The Questionable Authority

A number of people (including another blogger here at ScienceBlogs) have weighed in on the recent revelation of a patent application that describes a way to integrate advertising into computer operating systems. The patent application covers both traditional personal computer operating systems and a wide range of portable devices, including mobile phones. The system proposed in the patent application incorporates methods that ensure that the users will have to pay attention to the ads, and includes an option that would lock the operating system if advertisements are not locked. The patent was applied for by Apple, and the first-listed inventor on the application is Apple founder and CEO Steve Jobs.

I’ve read through a few of the (predictable) objections to Apple’s plan. I was bemused both by the overwrought nature of some of the complaints (“evil”, “burn in hell”), and by the fact that virtually all of the complaints about the possibility of an ad-based operating system appear on websites that are either directly or indirectly supported through ad sales. That aside, most of the objections seem to miss something very important – the potential that Apple’s innovation has as a way of reducing the digital divide both within the USA and globally.

There are quite a few households in the US that cannot afford a computer – even a cheap one. If you’re in the 25% of renters that spend over half their income on housing, there’s a decent chance that after you pay for food, clothing, transportation, and health care you might not have the money to spare for even a cheap desktop.

For adults, not having a computer is an inconvenience. For children, it’s a tragedy.

There are very few occupations left that do not require some form of computer literacy. Very few of that remainder – the entertainment field notwithstanding – provide any real chance at upward social or economic mobility. Regular access to some sort of a computer has become a de facto requirement for anyone who wants to realize the American Dream.

The problem is that even cheap computers – like those XO laptops designed for the developing world – aren’t actually all that cheap. Using open source operating systems and software can reduce the costs, but there’s still the hardware. If you’re a single parent bringing in $1200 per month (which is more than minimum wage), even buying a two or three hundred dollar desktop is a substantial expense.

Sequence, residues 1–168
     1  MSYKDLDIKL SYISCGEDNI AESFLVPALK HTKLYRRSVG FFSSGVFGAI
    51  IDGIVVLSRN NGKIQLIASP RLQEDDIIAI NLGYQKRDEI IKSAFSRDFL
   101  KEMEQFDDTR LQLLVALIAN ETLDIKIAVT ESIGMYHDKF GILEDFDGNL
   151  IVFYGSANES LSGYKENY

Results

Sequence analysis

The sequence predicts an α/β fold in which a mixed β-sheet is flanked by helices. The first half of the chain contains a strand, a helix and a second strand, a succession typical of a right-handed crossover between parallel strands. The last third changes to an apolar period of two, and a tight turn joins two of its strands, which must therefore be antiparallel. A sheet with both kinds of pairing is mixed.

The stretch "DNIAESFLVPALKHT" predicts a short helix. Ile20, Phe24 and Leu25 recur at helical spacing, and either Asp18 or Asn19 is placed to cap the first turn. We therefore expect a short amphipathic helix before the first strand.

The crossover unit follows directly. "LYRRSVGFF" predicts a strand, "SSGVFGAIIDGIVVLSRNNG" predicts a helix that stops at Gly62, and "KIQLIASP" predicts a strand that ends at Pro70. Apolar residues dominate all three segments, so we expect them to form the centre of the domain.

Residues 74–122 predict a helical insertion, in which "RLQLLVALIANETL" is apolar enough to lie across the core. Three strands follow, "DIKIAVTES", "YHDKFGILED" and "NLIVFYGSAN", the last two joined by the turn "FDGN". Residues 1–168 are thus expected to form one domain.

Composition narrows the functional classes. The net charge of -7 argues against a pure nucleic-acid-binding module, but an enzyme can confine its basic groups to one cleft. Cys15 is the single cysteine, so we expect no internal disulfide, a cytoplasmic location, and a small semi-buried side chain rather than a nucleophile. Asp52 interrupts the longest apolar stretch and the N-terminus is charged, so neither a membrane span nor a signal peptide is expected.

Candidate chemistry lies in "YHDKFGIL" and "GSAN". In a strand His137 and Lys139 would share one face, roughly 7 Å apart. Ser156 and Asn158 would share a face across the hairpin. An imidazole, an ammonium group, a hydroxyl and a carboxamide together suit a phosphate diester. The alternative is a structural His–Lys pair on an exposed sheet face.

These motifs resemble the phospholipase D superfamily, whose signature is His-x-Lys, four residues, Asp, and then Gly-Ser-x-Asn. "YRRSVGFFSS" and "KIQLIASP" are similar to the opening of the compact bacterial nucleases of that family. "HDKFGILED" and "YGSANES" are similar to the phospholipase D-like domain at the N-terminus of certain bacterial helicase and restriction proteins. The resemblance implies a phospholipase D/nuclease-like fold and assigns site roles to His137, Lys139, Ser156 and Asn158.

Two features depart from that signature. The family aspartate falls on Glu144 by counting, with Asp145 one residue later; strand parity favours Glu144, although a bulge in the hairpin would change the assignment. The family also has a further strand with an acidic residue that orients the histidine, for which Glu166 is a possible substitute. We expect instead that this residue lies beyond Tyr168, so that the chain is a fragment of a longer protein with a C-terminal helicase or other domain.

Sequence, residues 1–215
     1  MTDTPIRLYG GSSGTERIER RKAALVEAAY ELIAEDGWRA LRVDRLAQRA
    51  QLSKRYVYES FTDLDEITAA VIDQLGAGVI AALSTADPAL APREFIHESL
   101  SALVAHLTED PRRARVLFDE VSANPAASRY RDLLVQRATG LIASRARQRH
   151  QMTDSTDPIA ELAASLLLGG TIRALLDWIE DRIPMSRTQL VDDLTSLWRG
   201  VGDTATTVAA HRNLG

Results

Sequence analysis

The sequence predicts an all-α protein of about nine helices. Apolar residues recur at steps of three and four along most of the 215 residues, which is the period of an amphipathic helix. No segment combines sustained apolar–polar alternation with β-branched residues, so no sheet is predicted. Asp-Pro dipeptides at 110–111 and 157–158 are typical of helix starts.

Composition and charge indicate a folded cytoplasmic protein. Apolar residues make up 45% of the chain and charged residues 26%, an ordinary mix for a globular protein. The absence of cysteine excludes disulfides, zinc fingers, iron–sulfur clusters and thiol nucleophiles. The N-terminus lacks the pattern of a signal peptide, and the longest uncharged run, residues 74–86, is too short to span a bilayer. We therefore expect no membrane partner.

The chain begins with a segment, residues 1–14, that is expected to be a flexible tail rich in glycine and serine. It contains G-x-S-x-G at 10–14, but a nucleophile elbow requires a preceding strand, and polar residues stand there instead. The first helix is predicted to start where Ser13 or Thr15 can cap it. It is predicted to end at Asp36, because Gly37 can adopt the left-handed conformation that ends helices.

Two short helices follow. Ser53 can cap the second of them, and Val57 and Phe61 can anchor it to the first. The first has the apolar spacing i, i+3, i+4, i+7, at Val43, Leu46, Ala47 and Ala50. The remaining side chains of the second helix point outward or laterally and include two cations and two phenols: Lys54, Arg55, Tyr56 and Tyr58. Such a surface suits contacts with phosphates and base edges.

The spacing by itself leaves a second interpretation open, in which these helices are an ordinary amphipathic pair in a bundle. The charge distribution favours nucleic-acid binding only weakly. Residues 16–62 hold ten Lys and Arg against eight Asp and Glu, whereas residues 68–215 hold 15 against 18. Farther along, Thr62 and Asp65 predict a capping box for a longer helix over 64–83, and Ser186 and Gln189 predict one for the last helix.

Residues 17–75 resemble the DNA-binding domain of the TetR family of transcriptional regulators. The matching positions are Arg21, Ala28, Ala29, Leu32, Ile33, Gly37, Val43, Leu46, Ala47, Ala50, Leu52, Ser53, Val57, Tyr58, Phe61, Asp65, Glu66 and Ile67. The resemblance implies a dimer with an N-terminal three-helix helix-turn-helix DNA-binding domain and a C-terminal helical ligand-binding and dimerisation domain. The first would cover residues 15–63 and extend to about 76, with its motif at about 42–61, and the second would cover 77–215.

If Apple can sell enough ads to subsidize hardware costs for some of their computers, they can potentially make machines affordable for people who would not otherwise be able to afford them. I fail to see the evil in that.

Comments

  1. #1 Greg Laden
    October 26, 2009

    Mike: What is the reason that it is relevant than an objection (or any other comment) regarding this patent should not be launched from a web site supported by advertisements? Why is the predictability of the objections and issue? You could predict that I would object to, oh I dunno, maybe lynching or mass rape … does your ability to predict that afford any kind of valid commentary on my objection to such things?

    The ads don’t reduce a digital divide. They increase it. They increase it because marketing and marketing related retail service and sales relies on, thrives on, grows under conditions of, facilitates, creates, and feeds economic disparity.

    The same mind set, and in many cases the same exact people and corporate entities that do things like this (patent or create an adOS) have done their part to crush or deter efforts to advance OpenSource to solve the problems you correctly decry.

    No, Mike, I don’t trust the free market or Steve Jobs in particular to solve this dilemma. Spit out the Kook Aid before it’s too late, brother!

    If this patent is used for nothing other than to provide poor children with free hardware, then it will have been a good thing. I don’t think, though, that your efforts to dampen criticism of Big Computer are well placed at this time.

    You are also ignoring (and that’s fine… your blog post, you can focus on or ignore what you like, but this is an important part of the argument) the sad fact that potentially very successful efforts to get free hardware into the hands of children in Nigeria (for instance) failed not because the OpenSource based program failed, but because Microsoft Corporation paid people off to make sure it failed. That is a well documented and well understood event. That is your advertiser-based corporate world.

    Sorry, evil, or at least potential evil, is the operative word.

  2. #2 Janne
    October 26, 2009

    By the same token, advertising in childrens television programs are of course great since they reduce the “media divide” by giving poor kids access to television by way of commercials for fast food and junk.

  3. #3 Joachim
    October 26, 2009

    “after you pay for food, clothing, transportation, and health care you might not have the money to spare for even a cheap desktop.”

    Sounds like an attractive market for advertisers, people with no money!

  4. #4 davem
    October 26, 2009

    The Apple equivalent of the laptop I’m typing on now costs two or three times as much. If they were to reduce prices by having ads, they’ll sell at what?, the same price as the oposition? No thanks.

    I guess anyone mug enough to pay Apple prices to get pretty design is probably mug enough to pay what I do, and have ads in their face.

    As to the loss of the ‘American Dream’ because you can’ afford a laptop, I assume that this is some of American humour I don’t get?

    As a child, I didn’t have a computer (nor even a TV to watch), and I didn’t find it a tragedy at all. Isn’t this a different form of the hyperbole of which you’re complaining?

  5. #5 uqbar
    October 26, 2009

    The cost “reduction” from ad support is illusory – it is in fact cost shifting. Somebody (advertisers) is paying that money, and that is the worm in the apple. Whoever pays the piper calls the tune – that means that if I buy an ad-supported piece of hardware, it will not ultimately be designed or built to meet my needs, but rather the needs of the advertiser.